Reporters Without Borders (RSF) and Freedom Network (FN) are calling for a complete overhaul of the Prevention of Electronic Crimes Act (PEC) approved by the National Assembly standing committee on April 16.
The bill has been criticised for inadequately defining various terms and activities, and for provisions that allow censorship, criminalise a number of online activities, invade users’ privacy without any judicial control and restrict freedom of information and speech.
Although the bill was portrayed as a response to cyber-terrorism, the latest draft of the PEC falls short of protecting users against cyber-attacks and instead undermines civil liberties.
"This bill poses a real danger to democracy in Pakistan,” said Head Asia-Pacific desk RSF Benjamin Ismail.
“The law curtails journalists’ access to information from the ‘sources’ which are otherwise accessible even without the presence of right-to-information regime. Criminalizing the leaking of information by whistleblowers is tantamount to infringement of right-to-information and curbs free expression in Pakistan,” said Aurangzaib Khan a journalist at FN, Pakistan’s first media watchdog organisation.
“If adopted in its current form, the law would result in unprecedented self-censorship by all the media, especially those critical of the government, so we call for a complete revision that takes account of our recommendations,” the two organisations told the press.
Read more: ‘Flawed’ cybercrime bill approved
Section 34, one of the most controversial articles of the PEC, allows the government to block content on the grounds of “decency” and “morality”, threat to “public order” and “decency”, and danger to national security and inter-state relations.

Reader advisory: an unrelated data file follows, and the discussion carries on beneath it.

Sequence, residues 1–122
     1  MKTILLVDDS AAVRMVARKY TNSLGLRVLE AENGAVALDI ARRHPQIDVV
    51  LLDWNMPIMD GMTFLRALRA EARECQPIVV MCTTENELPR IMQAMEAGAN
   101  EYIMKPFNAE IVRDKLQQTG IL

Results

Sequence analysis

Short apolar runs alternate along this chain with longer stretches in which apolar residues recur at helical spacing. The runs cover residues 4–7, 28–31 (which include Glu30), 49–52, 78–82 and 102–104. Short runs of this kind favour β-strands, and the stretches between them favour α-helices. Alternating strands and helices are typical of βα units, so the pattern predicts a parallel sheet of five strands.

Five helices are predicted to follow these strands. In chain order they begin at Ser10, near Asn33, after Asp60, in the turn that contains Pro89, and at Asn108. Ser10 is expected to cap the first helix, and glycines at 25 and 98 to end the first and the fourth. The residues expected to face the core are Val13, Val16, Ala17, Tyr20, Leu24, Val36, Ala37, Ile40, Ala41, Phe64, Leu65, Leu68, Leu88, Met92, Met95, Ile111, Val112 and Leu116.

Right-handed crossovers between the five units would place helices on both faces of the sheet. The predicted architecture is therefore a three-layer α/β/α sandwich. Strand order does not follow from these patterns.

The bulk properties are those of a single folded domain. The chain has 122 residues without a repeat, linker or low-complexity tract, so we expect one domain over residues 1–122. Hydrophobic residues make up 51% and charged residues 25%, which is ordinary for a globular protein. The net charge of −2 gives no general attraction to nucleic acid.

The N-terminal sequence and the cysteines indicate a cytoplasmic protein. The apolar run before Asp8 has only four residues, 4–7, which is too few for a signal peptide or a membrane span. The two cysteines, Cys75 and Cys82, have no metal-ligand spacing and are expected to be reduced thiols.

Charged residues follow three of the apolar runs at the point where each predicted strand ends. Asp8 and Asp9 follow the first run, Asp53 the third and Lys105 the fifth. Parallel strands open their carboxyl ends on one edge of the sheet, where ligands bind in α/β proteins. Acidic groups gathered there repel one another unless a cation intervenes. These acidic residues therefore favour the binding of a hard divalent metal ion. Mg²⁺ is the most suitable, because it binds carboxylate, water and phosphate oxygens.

Excerpt from Section 34
"...if it considers it necessary in the interest of the glory of Islam or the integrity, security or defence of Pakistan or any part thereof, friendly relations with foreign states, public order, decency or morality."
According to Muhammad Aftab Alam, a media laws expert, Section 34 ─ which mentions the article 19 of the Constitution ─ is problematic: "Using certain parts of any constitutional provision in any other statutory law without its specific context is against the spirit of the Constitution. It is therefore unconstitutional to leave this to a statutory body like PTA or its authorised officer to decide about the fundamental right of citizens and block or remove any information from any website.
"Any government authority, including PTA, must not have any role in contents management by blocking a website or anything else. A broad-based representative civil society body with adequate authority/power should be mandated to do contents audit."
Another article of the bill criminalises ‘spoofing’ or online satire, which would under the PEC be punishable by three years in prison.
In addition, the use of encryption software and Virtual Private Networks (VPNs) ─ that are a popular tool to circumvent governmental restrictions on content ─ may also be criminalised.
RSF and FN have recommended that any legislation regulating cyber-space must comply with international human rights standards ─ especially those regarding freedom of expression and information ─ because of Pakistan’s ratification of the International Covenant on Civil and Political Rights (ICCPR).
Article 19 (3) of the ICCPR requires restrictions on the above freedoms satisfy a three-part test in line with the interpretation of the United Nations Human Rights Committee’s General Comment number 34. The complete list of recommendations can be found here.
Pakistan is ranked 159 out of 180 countries in the 2015 Reporters Without Borders press freedom index. The index measures freedom of information by assessing the degree of freedom allowed to journalists, media, and netizens (internet citizens) in 180 countries, and efforts made by authorities to respect and protect this freedom.